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declining gambits



 
 
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  #1  
Old July 5th 03, 06:03 PM
chessanalyst
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Default declining gambits

Assuming gambit players are slew enough to play correct
gambits with enough positional compensation in any case
wouldnt it more wiser for average players to deline gambits ?

For example after e4 e5 f4 Bc5!? the not so well known Bardeleben
(instead of the more wellknown d5, Falkbeer) there's not much
special anymore in this position for white; last game in
my CA7.1 database gave 0-1 in Fiedler-Zaragatski, Germany 2002.

Example 2 the (rare) Zilbermintz Benoni-countergambit declined:
after d4 c5!? b4!? the famous Zilbermintz Benoni gambit
black can just reply with b6 or e6 (instead of bxc4), after
which white cant come up with anything interesting anymore
Next time i'll try to decline one of Sloan's gambits..
best regards
ChAn
PS MCGrew why do you call the CK Rasa-Studier gambit
Milner-Barry gambit which although true that Milner
played in 1932 in London this CK RS gambit, itsnt that
confusing coz Milner-Barry usually is associated
with French (with Be3) ?

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  #2  
Old July 6th 03, 10:50 AM
Ron
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Default declining gambits

In article ,
"chessanalyst" wrote:

Assuming gambit players are slew enough to play correct
gambits with enough positional compensation in any case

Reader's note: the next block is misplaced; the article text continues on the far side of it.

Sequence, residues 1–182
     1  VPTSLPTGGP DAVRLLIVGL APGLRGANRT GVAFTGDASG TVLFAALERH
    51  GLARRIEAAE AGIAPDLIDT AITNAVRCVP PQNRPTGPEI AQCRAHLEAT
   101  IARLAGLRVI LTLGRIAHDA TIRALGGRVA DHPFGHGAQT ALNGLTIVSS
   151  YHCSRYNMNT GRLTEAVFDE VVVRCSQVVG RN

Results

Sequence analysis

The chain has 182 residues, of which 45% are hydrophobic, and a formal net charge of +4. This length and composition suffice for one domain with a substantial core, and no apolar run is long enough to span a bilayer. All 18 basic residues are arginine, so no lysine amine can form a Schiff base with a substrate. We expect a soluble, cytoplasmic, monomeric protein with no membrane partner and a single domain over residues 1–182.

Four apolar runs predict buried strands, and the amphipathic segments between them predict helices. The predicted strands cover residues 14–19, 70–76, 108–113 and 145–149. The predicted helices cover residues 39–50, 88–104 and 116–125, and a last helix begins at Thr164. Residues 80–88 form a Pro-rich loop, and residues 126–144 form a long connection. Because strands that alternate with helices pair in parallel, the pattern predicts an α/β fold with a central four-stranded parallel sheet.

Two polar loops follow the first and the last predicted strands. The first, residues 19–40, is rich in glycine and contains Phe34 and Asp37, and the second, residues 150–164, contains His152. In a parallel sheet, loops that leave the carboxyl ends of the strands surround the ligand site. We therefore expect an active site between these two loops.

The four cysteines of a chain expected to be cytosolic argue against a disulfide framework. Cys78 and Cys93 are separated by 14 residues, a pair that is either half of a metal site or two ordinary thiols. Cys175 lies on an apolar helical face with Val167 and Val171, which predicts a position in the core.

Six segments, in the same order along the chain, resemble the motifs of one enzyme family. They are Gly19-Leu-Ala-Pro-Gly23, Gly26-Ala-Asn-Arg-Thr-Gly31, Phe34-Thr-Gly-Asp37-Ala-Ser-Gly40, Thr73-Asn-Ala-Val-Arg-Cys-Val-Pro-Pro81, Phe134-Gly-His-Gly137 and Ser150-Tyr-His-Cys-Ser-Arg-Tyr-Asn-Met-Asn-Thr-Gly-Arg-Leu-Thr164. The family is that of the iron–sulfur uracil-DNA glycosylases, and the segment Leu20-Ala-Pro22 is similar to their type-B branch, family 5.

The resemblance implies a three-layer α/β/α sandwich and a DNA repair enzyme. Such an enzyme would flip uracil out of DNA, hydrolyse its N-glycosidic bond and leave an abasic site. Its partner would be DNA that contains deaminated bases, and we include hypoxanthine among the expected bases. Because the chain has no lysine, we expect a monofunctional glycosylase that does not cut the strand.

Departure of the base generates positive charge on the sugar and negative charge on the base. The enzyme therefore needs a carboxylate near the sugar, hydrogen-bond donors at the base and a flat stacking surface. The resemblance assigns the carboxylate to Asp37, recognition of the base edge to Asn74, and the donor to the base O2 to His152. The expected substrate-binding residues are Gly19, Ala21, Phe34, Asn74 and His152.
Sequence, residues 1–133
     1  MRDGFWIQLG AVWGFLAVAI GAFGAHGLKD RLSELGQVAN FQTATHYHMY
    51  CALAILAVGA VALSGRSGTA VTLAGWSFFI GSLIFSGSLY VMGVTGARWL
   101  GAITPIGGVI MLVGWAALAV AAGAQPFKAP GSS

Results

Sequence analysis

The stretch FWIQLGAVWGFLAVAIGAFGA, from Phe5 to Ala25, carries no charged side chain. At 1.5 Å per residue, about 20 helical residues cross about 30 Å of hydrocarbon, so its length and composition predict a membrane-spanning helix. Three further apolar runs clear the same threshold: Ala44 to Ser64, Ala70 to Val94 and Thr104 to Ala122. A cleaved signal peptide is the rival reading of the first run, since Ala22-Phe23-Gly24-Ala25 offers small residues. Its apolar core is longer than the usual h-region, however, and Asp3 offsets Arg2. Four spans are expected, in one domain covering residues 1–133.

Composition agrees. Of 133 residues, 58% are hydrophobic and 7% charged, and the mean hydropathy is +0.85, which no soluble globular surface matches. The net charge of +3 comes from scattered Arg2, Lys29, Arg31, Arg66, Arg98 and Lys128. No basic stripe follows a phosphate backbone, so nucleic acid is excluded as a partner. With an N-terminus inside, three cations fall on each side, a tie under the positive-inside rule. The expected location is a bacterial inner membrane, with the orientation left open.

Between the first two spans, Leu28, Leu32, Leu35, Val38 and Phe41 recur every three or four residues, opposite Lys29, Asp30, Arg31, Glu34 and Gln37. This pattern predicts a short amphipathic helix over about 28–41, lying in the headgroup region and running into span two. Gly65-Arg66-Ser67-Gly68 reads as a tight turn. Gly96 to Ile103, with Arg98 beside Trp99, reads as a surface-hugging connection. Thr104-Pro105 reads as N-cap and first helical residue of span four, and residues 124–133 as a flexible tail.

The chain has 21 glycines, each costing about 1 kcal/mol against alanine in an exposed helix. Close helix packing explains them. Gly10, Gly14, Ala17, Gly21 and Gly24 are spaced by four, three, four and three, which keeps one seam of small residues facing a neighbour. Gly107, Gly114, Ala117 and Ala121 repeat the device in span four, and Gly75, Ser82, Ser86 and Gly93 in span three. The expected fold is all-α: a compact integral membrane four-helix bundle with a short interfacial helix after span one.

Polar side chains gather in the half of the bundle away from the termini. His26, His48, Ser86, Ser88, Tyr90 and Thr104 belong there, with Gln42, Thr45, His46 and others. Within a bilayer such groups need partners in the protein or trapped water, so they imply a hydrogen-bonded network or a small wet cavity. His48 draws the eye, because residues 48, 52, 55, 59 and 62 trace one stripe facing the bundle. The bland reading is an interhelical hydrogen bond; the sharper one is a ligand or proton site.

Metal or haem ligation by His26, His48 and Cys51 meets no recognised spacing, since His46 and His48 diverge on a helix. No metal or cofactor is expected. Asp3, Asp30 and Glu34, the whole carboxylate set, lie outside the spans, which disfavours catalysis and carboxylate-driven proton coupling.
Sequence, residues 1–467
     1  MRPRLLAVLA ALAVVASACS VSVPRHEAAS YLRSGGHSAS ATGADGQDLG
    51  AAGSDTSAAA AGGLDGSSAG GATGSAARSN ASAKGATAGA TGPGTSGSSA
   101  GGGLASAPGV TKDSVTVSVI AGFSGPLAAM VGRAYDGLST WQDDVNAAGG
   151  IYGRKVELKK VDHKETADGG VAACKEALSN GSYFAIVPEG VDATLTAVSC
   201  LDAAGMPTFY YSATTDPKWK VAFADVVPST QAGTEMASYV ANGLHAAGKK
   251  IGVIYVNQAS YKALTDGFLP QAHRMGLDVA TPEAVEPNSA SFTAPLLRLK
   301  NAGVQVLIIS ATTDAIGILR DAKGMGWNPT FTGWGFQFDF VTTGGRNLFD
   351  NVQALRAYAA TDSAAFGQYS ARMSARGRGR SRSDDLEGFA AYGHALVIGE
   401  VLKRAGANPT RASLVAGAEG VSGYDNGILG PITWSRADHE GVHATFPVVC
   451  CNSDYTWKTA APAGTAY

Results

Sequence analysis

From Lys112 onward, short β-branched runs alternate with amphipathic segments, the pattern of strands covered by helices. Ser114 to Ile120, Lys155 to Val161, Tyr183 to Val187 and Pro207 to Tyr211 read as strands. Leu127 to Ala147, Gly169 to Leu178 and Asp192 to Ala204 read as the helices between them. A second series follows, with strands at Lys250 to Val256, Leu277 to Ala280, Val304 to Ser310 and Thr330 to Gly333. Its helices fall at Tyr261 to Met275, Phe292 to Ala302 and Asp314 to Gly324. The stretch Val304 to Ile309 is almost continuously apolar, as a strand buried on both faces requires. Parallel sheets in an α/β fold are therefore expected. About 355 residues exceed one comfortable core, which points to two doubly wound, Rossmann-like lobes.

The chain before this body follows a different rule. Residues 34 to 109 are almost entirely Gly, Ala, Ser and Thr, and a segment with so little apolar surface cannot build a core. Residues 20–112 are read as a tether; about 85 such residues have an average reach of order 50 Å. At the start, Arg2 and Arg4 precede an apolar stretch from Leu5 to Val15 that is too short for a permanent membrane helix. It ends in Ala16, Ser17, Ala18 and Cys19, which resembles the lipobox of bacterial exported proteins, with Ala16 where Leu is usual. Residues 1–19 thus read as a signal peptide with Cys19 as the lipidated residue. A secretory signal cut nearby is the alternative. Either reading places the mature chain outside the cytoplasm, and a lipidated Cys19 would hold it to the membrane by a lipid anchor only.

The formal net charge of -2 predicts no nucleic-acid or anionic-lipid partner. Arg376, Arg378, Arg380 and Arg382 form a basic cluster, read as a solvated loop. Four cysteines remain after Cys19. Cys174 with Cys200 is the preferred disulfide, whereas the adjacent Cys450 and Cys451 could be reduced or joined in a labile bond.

wouldnt it more wiser for average players to deline gambits ?


Well, there are gambits that should be declined.

On the other hand, if a white gets exactly a pawn's worth of
compensation in a given gambit, that doesn't make it wrong to accept the
gambit. It just means that the position is just as balanced before the
gambit as it was afterwards--merely balanced in a different way.

If it suits your style to defend patiently and then use your extra pawn
to win, then you should accept the gambit.

Bear in mind that declining a gambit right off the bat is often not a
reasonable option. It's often better to grab the offered material and
hold it just until it can be returned at an advantageous time.

(Perhaps the canonical example of this would be in 1.e4 e5 2.d4 ed
3.Nf3 Nc6 4.c3 dc 5.Bc4 cb 6.Bb2 d5! This line is almost certainly
better for black than declining the pawn straightaway).
 




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declining gambits chessanalyst rec.games.chess.analysis (Chess Analysis) 4 July 8th 03 02:01 PM


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